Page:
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  • A woman gestures next to a medical volunteer carrying a child during a protest against Chile's government in Santiago, Chile December 20, 2019.

    A woman gestures next to a medical volunteer carrying a child during a protest against Chile's government in Santiago, Chile December 20, 2019. | Photo: Reuters

Published 23 December 2019
Opinion

In his annual report, NHRI focused on the indiscriminate use of force, torture and sexual violence that have been repeated in time and space during the current crisis. 

The repression of ongoing protests in Chile has resulted in the most serious human rights violations in 30 years since the country was ruled by the military dictatorship, the country's National Institute of Human Rights (NHRI) warned Monday.

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According to the director of the country's official human rights body Sergio Micco, the state's response to the mass protests "produced, as a whole, the most serious and multiple violations of human rights committed since 1989."

In his annual report, focusing on the crisis that began in mid-October, Sergio Micco, details that the indiscriminate use of force, torture and sexual violence have been repeated in time and space during the current crisis. 

"This happened in democracy, in our democracy. How was it possible," he said. "That is what this report is about, which we never thought we would have to write."

Massive demonstrations against the Chilean government began in Santiago on Oct. 14 due to a 30-cent increase in the subway fare.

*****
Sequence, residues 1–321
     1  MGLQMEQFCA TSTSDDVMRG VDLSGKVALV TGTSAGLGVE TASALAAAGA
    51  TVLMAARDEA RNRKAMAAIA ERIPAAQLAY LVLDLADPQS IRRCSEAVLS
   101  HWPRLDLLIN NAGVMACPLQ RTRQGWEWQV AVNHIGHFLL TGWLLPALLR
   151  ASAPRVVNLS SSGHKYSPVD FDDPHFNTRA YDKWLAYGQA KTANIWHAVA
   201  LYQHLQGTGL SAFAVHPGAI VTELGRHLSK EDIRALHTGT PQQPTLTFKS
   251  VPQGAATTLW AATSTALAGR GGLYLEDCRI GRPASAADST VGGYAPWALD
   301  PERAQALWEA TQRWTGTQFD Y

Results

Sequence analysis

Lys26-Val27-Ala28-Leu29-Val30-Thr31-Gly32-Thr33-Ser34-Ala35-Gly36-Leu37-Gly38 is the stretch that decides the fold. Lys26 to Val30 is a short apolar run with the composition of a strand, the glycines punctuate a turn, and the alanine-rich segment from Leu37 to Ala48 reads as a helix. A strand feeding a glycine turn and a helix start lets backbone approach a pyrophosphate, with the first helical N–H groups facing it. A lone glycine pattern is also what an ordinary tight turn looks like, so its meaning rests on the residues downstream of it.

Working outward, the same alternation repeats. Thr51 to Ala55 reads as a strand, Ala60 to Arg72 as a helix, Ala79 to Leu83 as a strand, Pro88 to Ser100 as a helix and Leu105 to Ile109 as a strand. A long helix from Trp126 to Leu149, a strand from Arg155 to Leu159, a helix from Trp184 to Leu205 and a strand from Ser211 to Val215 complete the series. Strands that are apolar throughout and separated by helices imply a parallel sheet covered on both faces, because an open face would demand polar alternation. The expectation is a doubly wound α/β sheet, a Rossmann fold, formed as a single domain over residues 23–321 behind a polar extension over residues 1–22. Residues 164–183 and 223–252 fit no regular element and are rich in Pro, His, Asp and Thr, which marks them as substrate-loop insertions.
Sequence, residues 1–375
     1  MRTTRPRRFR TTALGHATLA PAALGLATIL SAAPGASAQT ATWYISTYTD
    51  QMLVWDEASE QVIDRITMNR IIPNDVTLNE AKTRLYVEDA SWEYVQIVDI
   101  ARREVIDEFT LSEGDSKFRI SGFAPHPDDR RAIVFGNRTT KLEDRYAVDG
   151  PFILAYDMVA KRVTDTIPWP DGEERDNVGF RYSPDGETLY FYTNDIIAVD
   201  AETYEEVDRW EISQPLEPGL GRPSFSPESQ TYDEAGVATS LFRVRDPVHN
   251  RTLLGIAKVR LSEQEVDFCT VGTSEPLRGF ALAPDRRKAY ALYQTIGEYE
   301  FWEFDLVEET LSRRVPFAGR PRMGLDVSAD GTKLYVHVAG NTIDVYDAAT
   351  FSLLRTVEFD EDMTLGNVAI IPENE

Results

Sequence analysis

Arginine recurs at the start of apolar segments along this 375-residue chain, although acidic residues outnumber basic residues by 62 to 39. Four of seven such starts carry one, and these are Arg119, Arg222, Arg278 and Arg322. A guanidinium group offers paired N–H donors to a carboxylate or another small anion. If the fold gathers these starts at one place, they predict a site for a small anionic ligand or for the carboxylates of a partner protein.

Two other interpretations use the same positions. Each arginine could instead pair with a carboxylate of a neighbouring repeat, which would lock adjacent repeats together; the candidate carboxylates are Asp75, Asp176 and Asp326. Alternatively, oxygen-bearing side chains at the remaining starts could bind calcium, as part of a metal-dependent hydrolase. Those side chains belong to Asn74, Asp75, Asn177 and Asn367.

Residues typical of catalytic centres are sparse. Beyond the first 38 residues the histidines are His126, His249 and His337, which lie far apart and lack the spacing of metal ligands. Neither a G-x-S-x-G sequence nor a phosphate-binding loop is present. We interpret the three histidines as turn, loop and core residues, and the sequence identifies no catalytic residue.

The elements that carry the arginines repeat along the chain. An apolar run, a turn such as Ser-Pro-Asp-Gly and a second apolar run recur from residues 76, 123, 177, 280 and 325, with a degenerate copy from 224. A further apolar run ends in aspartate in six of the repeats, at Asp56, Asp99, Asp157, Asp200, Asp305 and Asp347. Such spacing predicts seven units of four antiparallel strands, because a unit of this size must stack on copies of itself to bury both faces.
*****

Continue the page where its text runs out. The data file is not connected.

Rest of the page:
While this measure was revoked by Piñera, social unrest increased in magnitude as the Chileans began to question "30 years" of neoliberal policies, which have implied a systematic withdrawal of economic and social rights for millions of people.

Since the start, the response of the security forces has been internationally condemned for its blatant disregard of human rights. Currently, prosecutors are investigating at least 26 deaths in the context of the crisis, including killings by the military and police forces.

The NHRI has visited thousands of protesters and bystanders who have been hospitalized, including more than 350 with eye injuries caused largely by police bullets. 

NHRI​​​​​​​ describes human rights violations as "serious and multiple" and criticizes "excessive delay" by the Carabineros in taking measures to prevent further violations. 

The institute has initiated hundreds of legal actions against the authorities for murder, torture, sexual violence, and other abuses.

Shortly after the NHRI submitted its report, Chilean President Sebastian Piñera gave a 29-minute speech at the presidential palace. He did not refer to the report, but instead mentioned in general terms the importance of "total, absolute and unrestricted respect for the human rights of all persons at all times, in all places and under all circumstances."

However, the government and security forces have framed these violations as isolated incidents of excess, vehemently rejecting international reports that claim otherwise.

Despite condemnations by the United Nations and other international bodies, and ​​​​​​​the government's promises to respect human rights, police repression has been systematically violent, abusive, and indiscriminate.

According to Francisco Sepulveda, one of the doctors who treat voluntarily wounded protesters in Antofagasta, "it is repression at all costs," he told Al Jazeera, adding that the repression measures in the slums have been particularly violent.

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